Buy-back will take some to the brink

When Deputy Premier Roger Cook took on the commerce portfolio last December, and with it the Retirement Village Act reform process, there was a sense that he might bring a fresh approach to retirement village reform.

It was hoped he might bring more balance to the Department of Mining Industry Regulation & Safety’s (DMIRS) proposal that operators pay out a resident where their unit has not been released or sold (buy-back).

Well, the long-awaited Decision Regulatory Impact Statement (DRIS) paper on retirement village reform has arrived and Mr Cook has allowed his department to lead him by the nose.

DMIRS has proposed a mandatory buy-back scheme that requires operators to pay out a resident where their unit has not been released or sold within 12 months.

While the sector was always on board with a buy-back in some form, this proposal is as blunt and lacking in nuance as they come.

No exclusions. No exceptions.

On my calculations, the average village of 100 units will now need to add $4 million in current liabilities to its balance sheet (and find the liquidity to service it).

With the bulk of operators being not-for-profits or small family businesses, it seems almost certain that many will become technically and immediately insolvent when the reforms begin.

Although a transition period is proposed, these reforms will be retrospective, applying to operators who never even conceived of this type of risk when they signed on the bottom line with residents as much as a decade ago.

This is a shocking interference with private contractual relationships and upsets the rule of law that parties are entitled to know the legal consequences of their actions when they accept a contract.

As one investor said to me: “This is a deal-breaker. Why is the government introducing sovereign risk into the sector at the very time when more investment is needed?”

Bewilderingly, the buy-back will apply to strata-titled villages where the houses are owned by the residents themselves.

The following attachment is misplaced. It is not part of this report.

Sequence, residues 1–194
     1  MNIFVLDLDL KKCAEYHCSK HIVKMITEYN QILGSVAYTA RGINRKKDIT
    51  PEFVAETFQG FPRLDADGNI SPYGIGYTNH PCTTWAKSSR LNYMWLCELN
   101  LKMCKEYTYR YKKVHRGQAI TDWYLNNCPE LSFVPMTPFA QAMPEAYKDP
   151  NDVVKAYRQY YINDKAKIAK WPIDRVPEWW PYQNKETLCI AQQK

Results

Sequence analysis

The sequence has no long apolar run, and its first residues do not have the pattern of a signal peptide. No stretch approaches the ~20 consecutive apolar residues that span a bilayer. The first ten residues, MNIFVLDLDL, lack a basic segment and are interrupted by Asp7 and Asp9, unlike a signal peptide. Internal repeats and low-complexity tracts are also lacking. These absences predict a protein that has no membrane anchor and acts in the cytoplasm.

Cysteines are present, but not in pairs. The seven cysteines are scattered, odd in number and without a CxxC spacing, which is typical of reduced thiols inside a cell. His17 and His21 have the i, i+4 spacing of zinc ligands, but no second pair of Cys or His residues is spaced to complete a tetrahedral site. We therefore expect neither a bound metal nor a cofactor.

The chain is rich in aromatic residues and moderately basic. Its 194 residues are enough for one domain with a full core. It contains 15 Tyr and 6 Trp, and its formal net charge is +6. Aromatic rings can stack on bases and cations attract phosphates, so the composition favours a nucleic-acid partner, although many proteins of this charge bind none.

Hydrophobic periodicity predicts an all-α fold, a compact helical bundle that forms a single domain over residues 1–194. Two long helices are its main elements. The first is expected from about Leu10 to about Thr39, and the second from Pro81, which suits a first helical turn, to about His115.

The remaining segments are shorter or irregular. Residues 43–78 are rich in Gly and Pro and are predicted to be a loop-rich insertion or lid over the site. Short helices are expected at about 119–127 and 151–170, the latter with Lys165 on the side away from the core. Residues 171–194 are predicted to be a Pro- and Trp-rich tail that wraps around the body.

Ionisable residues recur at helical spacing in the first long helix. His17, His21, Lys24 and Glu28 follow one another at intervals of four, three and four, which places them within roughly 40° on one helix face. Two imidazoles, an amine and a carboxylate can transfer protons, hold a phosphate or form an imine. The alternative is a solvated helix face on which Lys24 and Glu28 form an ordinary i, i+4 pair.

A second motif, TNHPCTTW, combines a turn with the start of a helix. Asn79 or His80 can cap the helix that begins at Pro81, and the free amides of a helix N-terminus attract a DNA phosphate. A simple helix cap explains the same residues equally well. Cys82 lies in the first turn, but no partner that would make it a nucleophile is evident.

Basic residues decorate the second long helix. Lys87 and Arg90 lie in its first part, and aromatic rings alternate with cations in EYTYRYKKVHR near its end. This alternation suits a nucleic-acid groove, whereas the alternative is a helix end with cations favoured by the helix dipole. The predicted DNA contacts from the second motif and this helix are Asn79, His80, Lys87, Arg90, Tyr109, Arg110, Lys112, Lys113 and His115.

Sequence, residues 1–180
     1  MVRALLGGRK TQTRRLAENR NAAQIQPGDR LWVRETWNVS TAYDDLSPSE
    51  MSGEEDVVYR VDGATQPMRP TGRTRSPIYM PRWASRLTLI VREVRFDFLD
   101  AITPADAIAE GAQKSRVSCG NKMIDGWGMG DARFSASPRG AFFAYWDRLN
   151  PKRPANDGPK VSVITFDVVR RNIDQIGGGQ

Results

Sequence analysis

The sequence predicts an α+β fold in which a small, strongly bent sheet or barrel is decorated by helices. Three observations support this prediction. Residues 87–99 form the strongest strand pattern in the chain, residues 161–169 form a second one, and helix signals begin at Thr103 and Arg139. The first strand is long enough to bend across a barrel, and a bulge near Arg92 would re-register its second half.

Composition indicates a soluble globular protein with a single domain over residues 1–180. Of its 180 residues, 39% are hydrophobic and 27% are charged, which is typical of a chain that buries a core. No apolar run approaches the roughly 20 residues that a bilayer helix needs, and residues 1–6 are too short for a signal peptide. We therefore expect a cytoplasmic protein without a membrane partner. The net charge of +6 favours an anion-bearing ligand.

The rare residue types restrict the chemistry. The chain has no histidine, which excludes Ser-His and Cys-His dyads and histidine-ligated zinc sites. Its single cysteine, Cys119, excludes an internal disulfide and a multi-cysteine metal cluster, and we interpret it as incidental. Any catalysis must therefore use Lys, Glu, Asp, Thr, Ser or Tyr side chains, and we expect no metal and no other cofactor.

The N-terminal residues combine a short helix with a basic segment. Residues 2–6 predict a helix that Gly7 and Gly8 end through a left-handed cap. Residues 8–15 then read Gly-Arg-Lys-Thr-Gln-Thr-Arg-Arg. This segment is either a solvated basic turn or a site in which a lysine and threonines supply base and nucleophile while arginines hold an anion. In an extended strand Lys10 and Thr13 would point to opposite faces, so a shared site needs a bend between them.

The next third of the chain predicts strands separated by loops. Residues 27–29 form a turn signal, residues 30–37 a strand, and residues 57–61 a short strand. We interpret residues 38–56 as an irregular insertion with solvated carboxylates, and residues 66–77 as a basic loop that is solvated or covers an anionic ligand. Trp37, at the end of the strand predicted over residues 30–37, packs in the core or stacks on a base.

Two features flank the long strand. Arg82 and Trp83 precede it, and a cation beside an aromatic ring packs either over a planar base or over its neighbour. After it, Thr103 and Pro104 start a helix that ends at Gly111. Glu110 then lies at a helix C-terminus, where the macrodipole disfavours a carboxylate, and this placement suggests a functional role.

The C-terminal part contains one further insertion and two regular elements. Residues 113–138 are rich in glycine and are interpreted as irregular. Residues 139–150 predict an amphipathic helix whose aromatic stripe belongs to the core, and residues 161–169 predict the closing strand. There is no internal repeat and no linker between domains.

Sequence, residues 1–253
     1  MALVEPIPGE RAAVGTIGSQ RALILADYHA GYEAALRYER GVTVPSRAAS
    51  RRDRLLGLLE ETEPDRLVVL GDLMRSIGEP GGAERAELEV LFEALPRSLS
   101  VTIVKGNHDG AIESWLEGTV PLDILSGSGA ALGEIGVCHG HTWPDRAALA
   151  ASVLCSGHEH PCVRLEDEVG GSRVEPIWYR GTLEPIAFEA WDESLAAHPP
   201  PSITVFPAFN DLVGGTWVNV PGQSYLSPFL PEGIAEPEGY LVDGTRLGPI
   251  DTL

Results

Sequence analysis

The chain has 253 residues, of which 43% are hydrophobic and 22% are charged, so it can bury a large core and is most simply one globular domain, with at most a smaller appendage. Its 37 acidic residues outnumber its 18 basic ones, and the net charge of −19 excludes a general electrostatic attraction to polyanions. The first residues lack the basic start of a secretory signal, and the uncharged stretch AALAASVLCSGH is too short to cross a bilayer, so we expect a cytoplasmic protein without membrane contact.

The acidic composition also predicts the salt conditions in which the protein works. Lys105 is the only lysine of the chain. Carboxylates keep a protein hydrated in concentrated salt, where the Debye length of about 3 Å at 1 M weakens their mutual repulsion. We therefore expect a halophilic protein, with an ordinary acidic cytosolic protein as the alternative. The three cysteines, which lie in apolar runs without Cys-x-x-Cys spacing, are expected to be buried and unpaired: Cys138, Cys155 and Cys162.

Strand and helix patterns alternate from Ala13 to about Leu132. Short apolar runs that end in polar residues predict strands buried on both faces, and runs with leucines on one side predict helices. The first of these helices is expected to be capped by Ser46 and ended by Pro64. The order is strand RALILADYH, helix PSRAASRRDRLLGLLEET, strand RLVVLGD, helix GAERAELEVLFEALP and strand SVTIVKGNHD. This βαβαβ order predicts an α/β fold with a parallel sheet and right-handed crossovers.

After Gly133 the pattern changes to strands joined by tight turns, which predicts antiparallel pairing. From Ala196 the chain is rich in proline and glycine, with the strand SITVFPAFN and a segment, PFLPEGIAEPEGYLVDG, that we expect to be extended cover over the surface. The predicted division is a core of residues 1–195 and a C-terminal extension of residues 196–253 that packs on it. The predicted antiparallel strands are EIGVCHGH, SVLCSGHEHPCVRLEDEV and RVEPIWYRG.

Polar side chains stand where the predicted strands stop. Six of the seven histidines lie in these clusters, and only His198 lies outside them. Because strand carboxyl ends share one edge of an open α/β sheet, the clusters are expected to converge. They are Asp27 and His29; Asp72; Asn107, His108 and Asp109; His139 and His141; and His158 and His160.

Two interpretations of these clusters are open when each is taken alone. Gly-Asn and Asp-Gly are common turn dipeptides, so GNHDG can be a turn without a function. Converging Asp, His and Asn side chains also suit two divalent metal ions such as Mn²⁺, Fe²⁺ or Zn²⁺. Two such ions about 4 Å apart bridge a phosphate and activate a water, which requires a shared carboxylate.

That is, the operator, whose job it is to run the clubhouse and clean the swimming pool, will be forced to buy (and pay stamp duty on) houses they might never have owned or have any intention of owning.

Even more perplexing is the stated intention that buy-backs apply to residents who have passed away (or more accurately to their children).

The reason why the 5 per cent of our seniors who live in retirement villages (and their children) should be treated preferentially to the 95 per cent who don’t evades me.

A man living in an identical strata-titled unit across the road doesn’t get bought out just because he decides he might like to move.

By the same token, his children don’t get to liquidate his estate any earlier than the market permits just because he has died.

Nevertheless, industry has sought to genuinely engage on this issue and presented several workable models to government, including one based on the existing, tested and sensible NSW buy-back scheme.

Yet it seems the government was less forthcoming with its level of consultation.

I’m told by reliable sources that the DRIS was finalised back in January 2022 (almost immediately after Mr Cook’s appointment) and that any engagement with the reform process was minimal at best.

It is hard not to conclude that the state’s consultation with industry has been tokenistic.

When the market slows (as it will), this reform is going to send some of the small family and not-for-profit operators to the wall, as it has in other states.

The proposed reform is unfair and will further distort a market already burdened by overegged regulation.

It will drive down returns for existing residents as early sales are sought by operators to avoid buy-backs and drive-up pricing for future residents as operators look to build cash reserves to finance them.

Worst of all, the opportunity to leverage the retirement village model in the race to meet housing, public health and ageing policy objectives is now at risk.

Sure, the sector will continue to exist, but it’s unlikely it will ever have the scale to make the social and economic impact it most certainly is capable of.

All this just as we hit the J-curve in rapid population ageing.

The short-sightedness is staggering.

Disclaimer – the information contained in this publication does not constitute legal advice and should not be relied upon as such. You should seek legal advice in relation to any particular matter you may have before relying or acting on this information. The Lavan team are here to assist.